I am that person who prints out a con schedule the second it's posted. Awesome Con was no exception. Multiple colors of highlighters were involved. It was beautiful. Days before my con-cation, I gabbed to all my coworkers about how cons were fun but I also treated them like work. My iPad was charged, stylus packed. I warned my sister--a first time con attendee--that I had a full lineup planned and that she was free to amuse herself, rather than sit through eight hours of literary panels.
But then we saw Sean Astin and I evolved like a backwards Pokemon into my fanboy state.
Awesome Con is only in its second year (disclaimer: I did not attend the first), but it's still the biggest fan-based convention I've attended. My sister, Hilary, and I arrived on Friday so we could get settled in, pick up our badges at a leisurely pace, and check out a few literary panels. I took notes on World Building and Magic (feat. Jon Skovron, Lea Nolan, Stuart Jaffe, Jessica Spotswood, Mindy Klasky, Gail Martin, Matthew Bowman, and Eric Menge) and Part Time Writer, Full Time World (feat. Lindsay Smith, Jean Marie, Ward, Janine K. Spendlove, and panel-crasher Ronald Garner). Friday night energy bounded, anticipation built, and we crashed before midnight like responsible adults.
When we arrived Saturday, a line snaked around the outside of the convention center. And inside to the right. And left. We patted ourselves on the collective back for checking in Friday and hustled up to the Sean Astin Q&A line. This is the point at which I devolved. Astin is literally a Hobbit in both stature and nature. He quoted Smeagol, read The Color of Magic's prologue, and looked like he could be my dad.
After that, I knew I would spend the weekend waiting in line for media guests and I didn't care. While Hilary went to get to her picture taken with Cary Elwes (he told her she smelled good), I attended J. August Richards' Q&A. From angry orphan vampire slayer, to designer suit wearing attorney, I knew him as Charles Gunn, from Angel. Richards is a D.C./Maryland native, and has more veins in his arms than I have in my whole body. He was the most well-spoken, insightful actor I encountered. So much that I was sucked into my first autograph-picture combo.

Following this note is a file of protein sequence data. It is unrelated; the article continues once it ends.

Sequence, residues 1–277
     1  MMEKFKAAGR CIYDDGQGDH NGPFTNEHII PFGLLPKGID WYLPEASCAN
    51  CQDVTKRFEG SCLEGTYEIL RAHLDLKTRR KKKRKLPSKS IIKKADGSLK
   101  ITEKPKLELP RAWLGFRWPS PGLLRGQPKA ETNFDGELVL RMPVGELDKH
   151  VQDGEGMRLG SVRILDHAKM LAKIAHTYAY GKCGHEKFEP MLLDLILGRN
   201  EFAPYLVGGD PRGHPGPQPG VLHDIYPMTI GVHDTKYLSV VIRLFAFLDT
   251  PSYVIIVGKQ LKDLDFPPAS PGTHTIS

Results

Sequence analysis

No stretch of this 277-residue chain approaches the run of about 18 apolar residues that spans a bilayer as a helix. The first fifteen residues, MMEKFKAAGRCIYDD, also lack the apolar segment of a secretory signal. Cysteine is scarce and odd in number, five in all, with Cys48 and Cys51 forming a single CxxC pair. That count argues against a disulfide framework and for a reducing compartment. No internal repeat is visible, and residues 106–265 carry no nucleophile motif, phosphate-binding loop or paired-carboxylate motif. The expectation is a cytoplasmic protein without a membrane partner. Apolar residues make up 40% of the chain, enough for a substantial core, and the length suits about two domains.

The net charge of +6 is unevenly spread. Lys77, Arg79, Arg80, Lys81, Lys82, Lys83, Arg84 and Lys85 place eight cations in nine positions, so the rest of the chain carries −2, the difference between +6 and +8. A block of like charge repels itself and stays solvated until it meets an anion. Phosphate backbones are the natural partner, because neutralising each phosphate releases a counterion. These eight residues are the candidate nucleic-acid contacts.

We finished Saturday with Danai Gurira of The Walking Dead. First actor I heard and thought, "Wow, you are nothing like your character--except that you are both badass." Though she said her weapon of choice would be a blade of any kind, her personal emphasis on international artistic exchange made her seem much less threatening than her zombie-slaying alter ego. I vowed to catch up on the series, as soon as the panel ended.
By Sunday, Hilary and I felt like experts. Billie Piper was first on our list and we knew she'd be packed. So, at 8:45 a.m., we waited in a surprisingly short line for the 10:15 a.m. session. Our day was planned so that we wouldn't have to pee or eat lunch. Shit got real. I recommend protein bars and tiny sips of water. Worth it.
Rose was never my favorite companion (Team Donna!), but Billie Piper was adorable and made me like her on-screen counterpart even more. She hugged a weeping angel, declaring, "I always get more scared of things that could actually be real. Like werewolves." I really wanted to put her in my souvenir bag and take her home--in a non-creepy way.
But no panel could compare to Nicholas Brendon's. By Sunday afternoon, I expected lower attendance, but was shocked that the room not only didn't fill, but that people had time for second questions. In case your childhood was sad and unfulfilling, Brendon played Xander in the TV series Buffy the Vampire Slayer. In his own description, Brendon played one of "...the holy trinity. Xander, of course, being at the top. No, I actually prefer being on the bottom. Not in a power bottom kind kind of way, but lying back and doing nothing. And there are boobies in your face."
He sang from everyone's favorite Buffy musical episode, Once More With Feeling, quipped about Whedon, and did the Snoopy dance. I couldn't not take a picture with Brendon, who has just as much heart "in real life," as we say, as his Buffy counterpart does. Also, he gives great hugs.
Awesome Con lived up to its name. The media guests pressed all my fandom buttons. The Q&A lines weren't bad. I looted Artist Alley and exhibitors' booths. My favorite find was Smut Peddler: Impeccable Pornoglyphs for Cultivated Ladies (and Men of Exceptional Taste!), by "Various Hands," distributed by Iron Circus Comics. As a creator of character and/or plot driven erotica, I'm always dying to get my hands on some that I didn't have to make for myself. Well, I consumed. The anthology demands its own review, but suffice to say it is a diverse, sex-positive, explicitly "lady-friendly," and unofficially queer-friendly. I should know, I'm a man of exceptional taste.
My main suggestion regarding Awesome Con would be to pick up your badge on Friday, because Saturday morning's line was massive--as in they all missed Sean Astin and probably J. August Richards massive. A recents Facebook post by Ben Penrod, the president of Awesome Conventions, holds promise that next year's lines will be better organized. I, for one, am excited.